The real masterpieces of the Queen can be found on Deck 2 – Cabin Deck where guests find the Mark Twain Gallery & Lounge along with Men’s and Ladies Parlor Rooms. These spaces or well decorated with period pieces, artwork, photographs, river and steamboat artifact, charts and models an internet café area and a specialty coffee machine with a well stock fresh cookie cabinet.
A more unique space in the ship is the areas above the Front Porch Café in a space know as The Chart Room, where Riverlorian, Jerry Hay, weaves the tales of the river and its historic ebb and flow that are an integral part of the heartland of America.
Lastly, take some time to walk around all the decks of the ship to a catch a bit of the flavor of what river travel life might have been on some grand stern-wheeler of the 19th Century, like the American Queen, on the muddy water of the Mississippi.
Food and Excursions
Our food & dining experience on board the American Queen was wonderful. High tech has made its way into dining service in the J. M. White Dining Room with wait staff texting orders to the kitchen for prompt preparation and delivery to the dining guests. The food quality was very good, but don’t hesitate to bring to the attention of the dining room staff anything that is not up to what you, as the diner, might consider substandard. Service was tops and food was well prepared. Food up at the Front Porch Café buffet was also of the same quality and caliber except here’s where self serve ice cream could be found along with a full service bar and guest beverages area.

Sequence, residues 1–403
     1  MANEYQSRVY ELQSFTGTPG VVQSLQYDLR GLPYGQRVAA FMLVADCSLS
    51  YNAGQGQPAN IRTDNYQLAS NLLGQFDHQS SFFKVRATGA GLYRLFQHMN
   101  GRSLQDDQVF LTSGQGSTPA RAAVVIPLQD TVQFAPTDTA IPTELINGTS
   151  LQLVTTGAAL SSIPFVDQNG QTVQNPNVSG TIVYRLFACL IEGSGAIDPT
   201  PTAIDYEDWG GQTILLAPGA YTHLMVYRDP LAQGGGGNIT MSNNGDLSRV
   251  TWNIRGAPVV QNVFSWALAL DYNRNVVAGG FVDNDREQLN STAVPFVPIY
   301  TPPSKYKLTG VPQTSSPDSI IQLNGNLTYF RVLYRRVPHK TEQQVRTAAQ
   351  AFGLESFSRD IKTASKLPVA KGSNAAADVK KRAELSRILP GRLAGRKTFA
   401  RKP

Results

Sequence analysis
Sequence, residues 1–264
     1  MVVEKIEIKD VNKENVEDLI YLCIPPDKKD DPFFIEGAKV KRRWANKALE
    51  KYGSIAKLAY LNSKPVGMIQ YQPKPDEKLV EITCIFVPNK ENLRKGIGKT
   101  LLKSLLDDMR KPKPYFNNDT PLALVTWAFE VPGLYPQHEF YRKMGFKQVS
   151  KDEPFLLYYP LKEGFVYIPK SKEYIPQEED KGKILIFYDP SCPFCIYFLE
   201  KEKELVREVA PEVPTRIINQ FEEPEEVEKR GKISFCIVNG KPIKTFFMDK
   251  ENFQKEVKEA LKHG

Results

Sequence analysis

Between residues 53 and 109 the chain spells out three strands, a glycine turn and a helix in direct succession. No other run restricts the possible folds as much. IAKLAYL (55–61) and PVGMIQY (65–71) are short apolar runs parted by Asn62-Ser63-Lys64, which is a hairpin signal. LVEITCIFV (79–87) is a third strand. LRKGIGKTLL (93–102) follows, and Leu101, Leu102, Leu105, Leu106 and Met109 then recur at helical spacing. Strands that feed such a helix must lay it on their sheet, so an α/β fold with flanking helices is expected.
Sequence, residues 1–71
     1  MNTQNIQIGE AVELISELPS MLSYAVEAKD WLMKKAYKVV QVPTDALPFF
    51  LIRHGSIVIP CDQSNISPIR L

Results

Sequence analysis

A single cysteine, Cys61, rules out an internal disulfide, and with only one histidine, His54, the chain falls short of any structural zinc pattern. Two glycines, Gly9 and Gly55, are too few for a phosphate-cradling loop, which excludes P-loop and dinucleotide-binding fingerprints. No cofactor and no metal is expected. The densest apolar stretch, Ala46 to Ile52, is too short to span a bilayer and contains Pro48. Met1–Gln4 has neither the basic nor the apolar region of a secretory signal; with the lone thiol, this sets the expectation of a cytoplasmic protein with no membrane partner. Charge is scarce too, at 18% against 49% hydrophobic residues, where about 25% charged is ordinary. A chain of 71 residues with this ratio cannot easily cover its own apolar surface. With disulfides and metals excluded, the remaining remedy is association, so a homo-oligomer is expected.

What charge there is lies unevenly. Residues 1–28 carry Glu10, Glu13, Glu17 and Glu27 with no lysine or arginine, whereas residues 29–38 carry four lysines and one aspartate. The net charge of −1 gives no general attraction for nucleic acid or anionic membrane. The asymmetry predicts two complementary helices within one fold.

Although the lower Mississippi river does not possess the charm of the enchanting river towns of the European river waterways, you will find the Antebellum South and Historic river towns of Natchez and Vicksburg on this cruise. Vicksburg battlefield is a must trek. The Steamboat Company provides well apportioned coaches that run like clockwork for travel around each the river towns where the ship stops. With regards to the other river town stops on this cruise (St. Francisville and Greenville) they are a look into typical river town life that that have survived the trials and tribulations of the Mighty Mississippi River.
The American Queen Steamboat cruise may not be a cruise for every traveler but this great ship and cruise does give its guests plenty of river time to slow down and unwind on this Great American River treasure or to pick up the pace to explore the finer elements of Southern Living.
We selected a cabin in the category – Cabin Deck – Deck 2 which had a Bay window which allowed for a wonderful amount of natural light in our cabin. We were assigned Cabin 206 which happened to be in a great location, mid ship, near the elevators, the Pursers & Excursion Desk and the “period decorated” and very comfortable Mark Twain Gallery.
Our Cabin 206 was good sized when compared to those of the more traditional cruise ships. The real pleasant surprise was the size of the Bathroom which out did any of the ships that we had previously cruised on the Caribbean or up to Alaska. This Bathroom was full sized with a full size a tub with shower, similar to one to be found in a normal single room apartment. Reports by other cruise reviewers about poor cabin and furnishing conditions are over exaggerated based on observations from this former hospitality facility site inspector. Since we had selected a cabin with a bay window, there was a nice window cushion that you could sit upon to gaze out the window as the rural scenery and ship traffic on the Mississippi passed by.
Our Cabin Stewart, Ismael, was prompt, courteous and friendly and our cabin was well tended to during our stay.